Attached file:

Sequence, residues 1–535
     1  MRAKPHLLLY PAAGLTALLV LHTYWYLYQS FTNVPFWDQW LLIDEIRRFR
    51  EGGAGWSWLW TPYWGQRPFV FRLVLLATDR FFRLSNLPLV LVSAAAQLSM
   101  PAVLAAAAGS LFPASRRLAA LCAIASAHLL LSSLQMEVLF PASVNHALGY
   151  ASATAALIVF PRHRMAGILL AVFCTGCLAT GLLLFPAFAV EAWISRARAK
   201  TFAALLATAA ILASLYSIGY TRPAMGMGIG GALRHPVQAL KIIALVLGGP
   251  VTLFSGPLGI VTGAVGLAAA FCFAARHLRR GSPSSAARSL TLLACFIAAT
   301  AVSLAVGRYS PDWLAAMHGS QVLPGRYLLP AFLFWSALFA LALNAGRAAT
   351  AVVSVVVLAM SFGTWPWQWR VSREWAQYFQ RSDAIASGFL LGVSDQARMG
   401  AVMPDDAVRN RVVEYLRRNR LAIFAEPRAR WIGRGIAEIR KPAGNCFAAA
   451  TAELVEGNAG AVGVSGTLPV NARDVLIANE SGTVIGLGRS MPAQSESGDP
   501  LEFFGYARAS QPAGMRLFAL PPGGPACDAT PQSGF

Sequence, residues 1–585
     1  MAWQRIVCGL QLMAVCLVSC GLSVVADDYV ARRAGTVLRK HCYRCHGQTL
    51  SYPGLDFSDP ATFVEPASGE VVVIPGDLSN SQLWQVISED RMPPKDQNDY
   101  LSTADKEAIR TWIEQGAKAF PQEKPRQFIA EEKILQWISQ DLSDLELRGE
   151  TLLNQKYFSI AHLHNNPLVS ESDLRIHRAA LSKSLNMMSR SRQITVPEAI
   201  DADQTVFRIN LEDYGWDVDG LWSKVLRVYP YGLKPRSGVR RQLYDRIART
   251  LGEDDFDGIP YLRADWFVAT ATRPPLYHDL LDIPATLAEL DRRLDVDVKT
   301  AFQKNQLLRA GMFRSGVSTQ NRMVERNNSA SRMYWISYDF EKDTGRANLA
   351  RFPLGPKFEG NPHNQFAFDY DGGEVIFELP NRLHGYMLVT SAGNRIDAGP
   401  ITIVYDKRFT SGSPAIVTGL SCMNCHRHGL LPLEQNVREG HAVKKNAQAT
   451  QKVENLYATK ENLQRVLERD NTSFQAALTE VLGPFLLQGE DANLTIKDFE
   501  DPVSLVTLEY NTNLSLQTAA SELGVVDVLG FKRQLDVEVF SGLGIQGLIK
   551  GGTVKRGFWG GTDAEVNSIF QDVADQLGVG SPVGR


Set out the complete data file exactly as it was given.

Sequence, residues 1–535
     1  MRAKPHLLLY PAAGLTALLV LHTYWYLYQS FTNVPFWDQW LLIDEIRRFR
    51  EGGAGWSWLW TPYWGQRPFV FRLVLLATDR FFRLSNLPLV LVSAAAQLSM
   101  PAVLAAAAGS LFPASRRLAA LCAIASAHLL LSSLQMEVLF PASVNHALGY
   151  ASATAALIVF PRHRMAGILL AVFCTGCLAT GLLLFPAFAV EAWISRARAK
   201  TFAALLATAA ILASLYSIGY TRPAMGMGIG GALRHPVQAL KIIALVLGGP
   251  VTLFSGPLGI VTGAVGLAAA FCFAARHLRR GSPSSAARSL TLLACFIAAT
   301  AVSLAVGRYS PDWLAAMHGS QVLPGRYLLP AFLFWSALFA LALNAGRAAT
   351  AVVSVVVLAM SFGTWPWQWR VSREWAQYFQ RSDAIASGFL LGVSDQARMG
   401  AVMPDDAVRN RVVEYLRRNR LAIFAEPRAR WIGRGIAEIR KPAGNCFAAA
   451  TAELVEGNAG AVGVSGTLPV NARDVLIANE SGTVIGLGRS MPAQSESGDP
   501  LEFFGYARAS QPAGMRLFAL PPGGPACDAT PQSGF

Sequence, residues 1–585
     1  MAWQRIVCGL QLMAVCLVSC GLSVVADDYV ARRAGTVLRK HCYRCHGQTL
    51  SYPGLDFSDP ATFVEPASGE VVVIPGDLSN SQLWQVISED RMPPKDQNDY
   101  LSTADKEAIR TWIEQGAKAF PQEKPRQFIA EEKILQWISQ DLSDLELRGE
   151  TLLNQKYFSI AHLHNNPLVS ESDLRIHRAA LSKSLNMMSR SRQITVPEAI
   201  DADQTVFRIN LEDYGWDVDG LWSKVLRVYP YGLKPRSGVR RQLYDRIART
   251  LGEDDFDGIP YLRADWFVAT ATRPPLYHDL LDIPATLAEL DRRLDVDVKT
   301  AFQKNQLLRA GMFRSGVSTQ NRMVERNNSA SRMYWISYDF EKDTGRANLA
   351  RFPLGPKFEG NPHNQFAFDY DGGEVIFELP NRLHGYMLVT SAGNRIDAGP
   401  ITIVYDKRFT SGSPAIVTGL SCMNCHRHGL LPLEQNVREG HAVKKNAQAT
   451  QKVENLYATK ENLQRVLERD NTSFQAALTE VLGPFLLQGE DANLTIKDFE
   501  DPVSLVTLEY NTNLSLQTAA SELGVVDVLG FKRQLDVEVF SGLGIQGLIK
   551  GGTVKRGFWG GTDAEVNSIF QDVADQLGVG SPVGR